Salt Crystals Dance and Grow Across the Screen in a Time-Lapse by Wenting Zhu

May 6, 2019

Kate Sierzputowski

Dalian, China-based videographer Wenting Zhu spent seven months creating The Arctic, a time-lapse video that explores the vastly different crystallization processes of salts. Crystals formed from salts including potassium nitrate and sodium sulfate explode like fireworks or appear to freeze like ice when seen through an accelerated lens. The film was created for Beauty of Science (previously), an ongoing series that presents aesthetically intriguing videos about science with a focus on chemical reactions. You can see more of Zhu’s macro photography on Behance and more footage from Beauty of Science on Vimeo. (via The Morning News)

 

 



Art Photography

Photograph of Multicolored “Cloud” Galaxy by Amateur Photographers Combines 1,060 Hours of Exposure

May 4, 2019

Andrew LaSane

A group of French amateur astrophotographers called Ciel Austral (“Southern Sky”) have shared a 240-megapixel image of the Large Magellan Cloud (LMC). Constructed using 4,000 images, the seamless collage required over 1,060 hours of exposures. Together, the images form a massive digital poster with colorful explosions and pockets of cosmic dust that resemble watercolors dripped and blown across an inky black surface.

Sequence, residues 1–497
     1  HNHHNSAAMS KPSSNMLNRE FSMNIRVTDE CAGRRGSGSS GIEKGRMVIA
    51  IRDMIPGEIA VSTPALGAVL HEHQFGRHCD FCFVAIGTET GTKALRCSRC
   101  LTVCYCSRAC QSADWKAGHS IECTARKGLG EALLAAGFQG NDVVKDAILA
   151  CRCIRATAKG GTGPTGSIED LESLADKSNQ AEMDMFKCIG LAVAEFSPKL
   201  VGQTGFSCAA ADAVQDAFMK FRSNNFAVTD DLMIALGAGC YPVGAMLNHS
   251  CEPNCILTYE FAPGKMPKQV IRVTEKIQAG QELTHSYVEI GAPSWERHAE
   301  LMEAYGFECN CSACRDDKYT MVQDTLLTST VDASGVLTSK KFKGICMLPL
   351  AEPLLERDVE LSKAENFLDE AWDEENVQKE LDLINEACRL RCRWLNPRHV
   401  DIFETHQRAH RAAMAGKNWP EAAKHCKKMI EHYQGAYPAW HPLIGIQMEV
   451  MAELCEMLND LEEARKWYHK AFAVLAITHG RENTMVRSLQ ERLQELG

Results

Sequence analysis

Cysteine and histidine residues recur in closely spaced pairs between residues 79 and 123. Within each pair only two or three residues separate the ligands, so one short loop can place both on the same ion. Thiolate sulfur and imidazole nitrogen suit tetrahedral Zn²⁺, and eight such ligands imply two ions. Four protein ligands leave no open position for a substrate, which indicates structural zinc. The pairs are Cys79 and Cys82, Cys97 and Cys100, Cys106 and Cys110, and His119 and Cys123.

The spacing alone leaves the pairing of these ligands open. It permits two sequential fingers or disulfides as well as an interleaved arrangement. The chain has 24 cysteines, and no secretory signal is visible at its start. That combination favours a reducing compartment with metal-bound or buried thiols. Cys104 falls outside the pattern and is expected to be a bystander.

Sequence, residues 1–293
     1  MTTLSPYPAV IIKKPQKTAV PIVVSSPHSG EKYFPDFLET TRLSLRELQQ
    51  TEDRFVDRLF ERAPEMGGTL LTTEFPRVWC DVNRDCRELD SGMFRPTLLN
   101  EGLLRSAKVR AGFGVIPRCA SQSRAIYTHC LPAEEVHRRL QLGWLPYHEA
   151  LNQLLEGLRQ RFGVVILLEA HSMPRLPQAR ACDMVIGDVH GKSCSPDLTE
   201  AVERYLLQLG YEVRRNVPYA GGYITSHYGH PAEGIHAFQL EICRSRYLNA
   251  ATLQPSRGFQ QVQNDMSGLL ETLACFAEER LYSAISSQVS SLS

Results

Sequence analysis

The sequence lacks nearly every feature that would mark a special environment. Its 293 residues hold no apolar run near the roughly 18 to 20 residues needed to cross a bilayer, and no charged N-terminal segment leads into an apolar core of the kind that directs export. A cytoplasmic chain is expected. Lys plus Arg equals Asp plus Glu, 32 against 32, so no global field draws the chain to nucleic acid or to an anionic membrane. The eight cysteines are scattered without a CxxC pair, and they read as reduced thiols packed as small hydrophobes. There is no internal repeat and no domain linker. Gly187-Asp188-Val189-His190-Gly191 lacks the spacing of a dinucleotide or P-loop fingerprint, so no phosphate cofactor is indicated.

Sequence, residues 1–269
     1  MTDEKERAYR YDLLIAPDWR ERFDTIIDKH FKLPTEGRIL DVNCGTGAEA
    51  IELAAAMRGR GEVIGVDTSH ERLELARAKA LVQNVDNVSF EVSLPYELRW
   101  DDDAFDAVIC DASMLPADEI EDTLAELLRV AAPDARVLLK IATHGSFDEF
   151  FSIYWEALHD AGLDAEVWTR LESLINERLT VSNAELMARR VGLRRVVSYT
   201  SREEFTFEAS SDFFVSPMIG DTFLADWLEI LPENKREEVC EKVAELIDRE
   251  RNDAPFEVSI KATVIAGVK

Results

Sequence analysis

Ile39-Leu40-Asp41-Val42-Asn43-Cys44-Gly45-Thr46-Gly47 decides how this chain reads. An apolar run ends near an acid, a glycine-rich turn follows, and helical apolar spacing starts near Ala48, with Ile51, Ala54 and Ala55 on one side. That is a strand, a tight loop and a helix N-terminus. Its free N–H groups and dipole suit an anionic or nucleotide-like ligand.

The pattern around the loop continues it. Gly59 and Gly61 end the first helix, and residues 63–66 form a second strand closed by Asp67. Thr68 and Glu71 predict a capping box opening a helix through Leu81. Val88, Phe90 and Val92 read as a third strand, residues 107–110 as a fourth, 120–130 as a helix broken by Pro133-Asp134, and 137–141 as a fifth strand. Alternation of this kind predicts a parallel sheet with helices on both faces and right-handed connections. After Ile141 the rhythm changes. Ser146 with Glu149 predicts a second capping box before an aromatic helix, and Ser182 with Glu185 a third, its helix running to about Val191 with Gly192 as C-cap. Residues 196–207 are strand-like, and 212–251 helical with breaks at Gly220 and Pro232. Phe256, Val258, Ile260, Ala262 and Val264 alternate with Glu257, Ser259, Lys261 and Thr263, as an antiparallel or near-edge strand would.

The individual photos that make up the 14,400-pixel-wide image were captured between July 2017 and February 2019 using a 160mm refracting telescope at an observatory in Chile that is owned by the photographers. The colors in the image are not what you would see if you traveled 163,000 light years to get LMC. Ciel Austral used special filters that (based on which elements are present) highlight parts of the visual spectrum. The resulting swirling hues are best appreciated in close-ups like the ones below. To see the full size image in all of its glory, head over to the Ciel Austral website.

 

 



Photography

Restless Cities Cycle Through Day and Night in Time Slice Videos by Dan Marker-Moore

May 1, 2019

Laura Staugaitis